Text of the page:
Mississippi Department of Transportation’s use of two-dimensional (2D) hydraulic modeling enhances bridge engineering, increases the safety of road users and infrastructure personnel and opens the door for future infrastructure innovations.
During the height of the 2020 COVID-19 pandemic, MDOT halted its requirement for paper delivery tickets and encouraged contractors to use e-ticketing systems as opposed to paper tickets. What started off as a temporary safety measure to ensure the health and safety of MDOT personnel has transformed into a more widespread use of the innovative technology.
MDOT Utilizes 2D Modeling for Complex Bridge Hydraulics
In 2021, The Mississippi Department of Transportation began utilizing two-dimensional (2D) modeling for most of their complex bridge hydraulics in order to inform, verify and refine structural designs. This modeling, presented through a visual graphic, shows the flow of the body of water next to the bridge. Through this technology, engineers can determine how water will move around bridge foundations and peers. Furthermore, it gives the agency insight into how to design for scour, the soil erosion around a bridge foundation, and predict the bridge’s potential environmental impact.
The state of Mississippi is composed of a variety of terrains. From the Gulf Coast to the rolling foothills of the North, site conditions vary dramatically depending on the location. MDOT stated that 2D hydraulics modeling provided better representation of the physics of flow, more realistic hydraulic results compared to one-dimensional practices and is a better option to model the site conditions of bridges throughout the state and region.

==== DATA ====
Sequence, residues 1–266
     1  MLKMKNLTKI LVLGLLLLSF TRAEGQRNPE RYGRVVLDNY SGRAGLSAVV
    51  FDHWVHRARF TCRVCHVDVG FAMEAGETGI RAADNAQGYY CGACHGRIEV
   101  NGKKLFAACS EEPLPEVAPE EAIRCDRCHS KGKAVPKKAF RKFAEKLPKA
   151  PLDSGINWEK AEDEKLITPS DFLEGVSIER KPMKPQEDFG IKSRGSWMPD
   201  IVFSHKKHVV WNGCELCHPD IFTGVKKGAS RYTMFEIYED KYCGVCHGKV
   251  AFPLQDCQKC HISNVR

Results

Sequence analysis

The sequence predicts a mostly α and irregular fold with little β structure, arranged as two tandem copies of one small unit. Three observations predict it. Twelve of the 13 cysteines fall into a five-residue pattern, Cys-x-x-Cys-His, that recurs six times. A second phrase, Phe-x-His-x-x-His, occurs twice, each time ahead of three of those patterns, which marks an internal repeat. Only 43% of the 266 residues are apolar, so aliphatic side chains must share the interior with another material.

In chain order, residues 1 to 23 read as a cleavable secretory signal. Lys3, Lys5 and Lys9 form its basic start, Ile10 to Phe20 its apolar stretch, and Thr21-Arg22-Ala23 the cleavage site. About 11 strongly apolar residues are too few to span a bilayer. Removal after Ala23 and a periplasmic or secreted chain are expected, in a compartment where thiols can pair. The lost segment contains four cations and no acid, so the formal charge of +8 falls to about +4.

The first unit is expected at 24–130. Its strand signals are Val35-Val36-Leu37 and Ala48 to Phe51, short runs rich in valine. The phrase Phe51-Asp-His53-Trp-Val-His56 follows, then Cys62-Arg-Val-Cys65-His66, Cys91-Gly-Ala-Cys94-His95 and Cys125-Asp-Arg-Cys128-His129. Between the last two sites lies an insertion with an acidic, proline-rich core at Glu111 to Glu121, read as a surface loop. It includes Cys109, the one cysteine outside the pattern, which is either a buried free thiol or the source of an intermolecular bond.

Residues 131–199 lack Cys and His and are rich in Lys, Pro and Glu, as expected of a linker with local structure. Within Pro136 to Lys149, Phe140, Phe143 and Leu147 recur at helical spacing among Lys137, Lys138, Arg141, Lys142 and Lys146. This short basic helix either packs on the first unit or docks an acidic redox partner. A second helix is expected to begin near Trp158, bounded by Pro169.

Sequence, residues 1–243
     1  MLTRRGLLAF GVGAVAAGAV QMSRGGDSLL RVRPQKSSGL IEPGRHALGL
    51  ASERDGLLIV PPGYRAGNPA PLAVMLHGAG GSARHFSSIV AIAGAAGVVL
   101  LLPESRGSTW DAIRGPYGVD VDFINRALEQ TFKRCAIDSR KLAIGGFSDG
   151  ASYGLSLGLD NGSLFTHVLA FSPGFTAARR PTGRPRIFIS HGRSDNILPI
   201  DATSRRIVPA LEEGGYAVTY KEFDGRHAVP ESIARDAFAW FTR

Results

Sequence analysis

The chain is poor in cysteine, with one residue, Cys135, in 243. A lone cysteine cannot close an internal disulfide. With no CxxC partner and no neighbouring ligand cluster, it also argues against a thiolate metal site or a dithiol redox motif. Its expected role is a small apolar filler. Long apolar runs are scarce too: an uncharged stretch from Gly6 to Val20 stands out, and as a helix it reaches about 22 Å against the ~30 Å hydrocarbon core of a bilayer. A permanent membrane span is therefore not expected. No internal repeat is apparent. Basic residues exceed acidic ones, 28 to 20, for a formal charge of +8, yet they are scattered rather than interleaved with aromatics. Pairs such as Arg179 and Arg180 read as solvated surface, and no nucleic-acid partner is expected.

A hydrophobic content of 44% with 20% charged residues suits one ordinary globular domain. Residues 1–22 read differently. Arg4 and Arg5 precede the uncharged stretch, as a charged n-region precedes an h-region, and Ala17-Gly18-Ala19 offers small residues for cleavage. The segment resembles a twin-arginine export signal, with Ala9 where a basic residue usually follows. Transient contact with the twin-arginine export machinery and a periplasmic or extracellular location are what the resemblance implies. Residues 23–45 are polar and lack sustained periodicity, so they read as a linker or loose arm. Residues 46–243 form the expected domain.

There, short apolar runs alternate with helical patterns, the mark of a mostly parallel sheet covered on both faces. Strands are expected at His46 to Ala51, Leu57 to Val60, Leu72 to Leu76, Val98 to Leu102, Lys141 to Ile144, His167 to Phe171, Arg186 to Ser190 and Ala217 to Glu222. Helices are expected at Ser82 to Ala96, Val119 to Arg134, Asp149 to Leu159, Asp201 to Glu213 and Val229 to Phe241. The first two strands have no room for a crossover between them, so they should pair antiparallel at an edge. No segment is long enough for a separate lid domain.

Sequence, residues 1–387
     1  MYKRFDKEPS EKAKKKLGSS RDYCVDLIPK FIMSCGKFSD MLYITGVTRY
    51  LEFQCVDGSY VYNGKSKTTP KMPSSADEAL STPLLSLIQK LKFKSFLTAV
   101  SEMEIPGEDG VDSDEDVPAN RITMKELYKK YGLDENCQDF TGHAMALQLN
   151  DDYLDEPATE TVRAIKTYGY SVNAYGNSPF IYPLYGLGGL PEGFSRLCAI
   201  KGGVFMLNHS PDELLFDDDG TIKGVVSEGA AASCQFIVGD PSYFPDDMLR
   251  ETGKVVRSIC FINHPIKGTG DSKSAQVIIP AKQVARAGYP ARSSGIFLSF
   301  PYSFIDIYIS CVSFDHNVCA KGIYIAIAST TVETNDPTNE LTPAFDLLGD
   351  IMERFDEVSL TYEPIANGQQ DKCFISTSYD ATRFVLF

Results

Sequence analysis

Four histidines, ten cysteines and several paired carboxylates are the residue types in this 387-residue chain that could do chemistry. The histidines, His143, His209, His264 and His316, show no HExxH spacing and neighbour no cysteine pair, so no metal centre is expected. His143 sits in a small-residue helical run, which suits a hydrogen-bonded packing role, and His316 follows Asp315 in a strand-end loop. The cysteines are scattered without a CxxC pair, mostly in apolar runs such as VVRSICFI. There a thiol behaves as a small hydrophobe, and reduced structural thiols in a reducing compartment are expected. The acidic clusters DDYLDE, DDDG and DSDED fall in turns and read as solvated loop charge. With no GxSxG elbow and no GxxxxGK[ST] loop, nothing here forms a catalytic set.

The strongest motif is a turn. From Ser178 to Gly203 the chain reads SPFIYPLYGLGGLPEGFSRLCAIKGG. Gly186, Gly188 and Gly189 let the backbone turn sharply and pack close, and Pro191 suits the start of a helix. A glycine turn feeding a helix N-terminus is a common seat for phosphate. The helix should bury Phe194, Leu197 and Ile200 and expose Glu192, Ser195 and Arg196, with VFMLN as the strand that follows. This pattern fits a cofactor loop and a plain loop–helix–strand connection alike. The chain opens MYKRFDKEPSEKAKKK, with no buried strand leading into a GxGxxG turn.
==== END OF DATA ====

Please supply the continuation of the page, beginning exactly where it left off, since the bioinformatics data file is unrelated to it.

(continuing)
2D analysis provides higher precision which in turn informs a better hydraulic bridge design, greater spatial resolution for analysis and results, and a more precise identification of problem areas and detailed assessments.
MDOT has used 2D modeling to account for greater change and complexity in a local floodplain, an area of land adjacent to a river or stream. Results from the entire project area have been made available and can be easily displayed in an “at-a-glance” visual format.
To learn more about MDOT’s use of 2D modeling, click here.
E-Ticketing: From a Safety Measure to an Innovative Tool
The COVID-19 pandemic presented MDOT with the opportunity to not only ensure the safety of its workers through social distancing and decreased skin-to-skin contact, but it also jumpstarted the agency’s use of e-Ticketing. E-Ticketing is a market-ready technological innovation that allows suppliers to record and transfer information, in real time, as materials are being transported from plant to site.
In the COVID-19 Pandemic Ticket Policy, MDOT urged contractors and suppliers using e-Ticketing systems to suspend delivering paper tickets as soon as their system is approved by the agency and MDOT inspectors are trained on the new technology.
As a result of this policy, contractors were expected to provide cellular-enabled devices for the inspectors to authenticate each load, make the necessary comments and then electronically sign the tickets. At the end of each workday, contractors were to deliver an electronic copy of the tickets containing the inspectors’ notes and signature.
Despite the agency’s push towards e-Ticketing, they did, however, allow suppliers to use other methods to record information. The agency instructed contractors and suppliers not using an e-Ticketing system to take a photo of each ticket and transmit it to a cellular device. “The contractor must provide a cellular device (tablet or smartphone) for the inspector to verify each load upon arrival at the jobsite”, said MDOT.
Initially implemented to slow the spread of the COVID-19 virus, e-Ticketing is now a more readily used innovation across MDOT.
SOURCES: FWHA, MDOT, APA